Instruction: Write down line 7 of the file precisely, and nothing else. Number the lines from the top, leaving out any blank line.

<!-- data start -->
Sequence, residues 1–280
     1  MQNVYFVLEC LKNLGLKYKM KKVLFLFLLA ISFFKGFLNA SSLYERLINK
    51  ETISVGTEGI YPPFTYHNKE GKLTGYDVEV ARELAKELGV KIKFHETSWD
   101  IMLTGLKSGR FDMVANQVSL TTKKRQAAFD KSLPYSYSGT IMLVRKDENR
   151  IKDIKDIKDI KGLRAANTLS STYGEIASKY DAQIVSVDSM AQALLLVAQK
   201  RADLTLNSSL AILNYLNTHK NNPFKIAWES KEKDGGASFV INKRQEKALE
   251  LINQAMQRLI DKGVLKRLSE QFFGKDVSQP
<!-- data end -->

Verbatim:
   251  LINQAMQRLI DKGVLKRLSE QFFGKDVSQP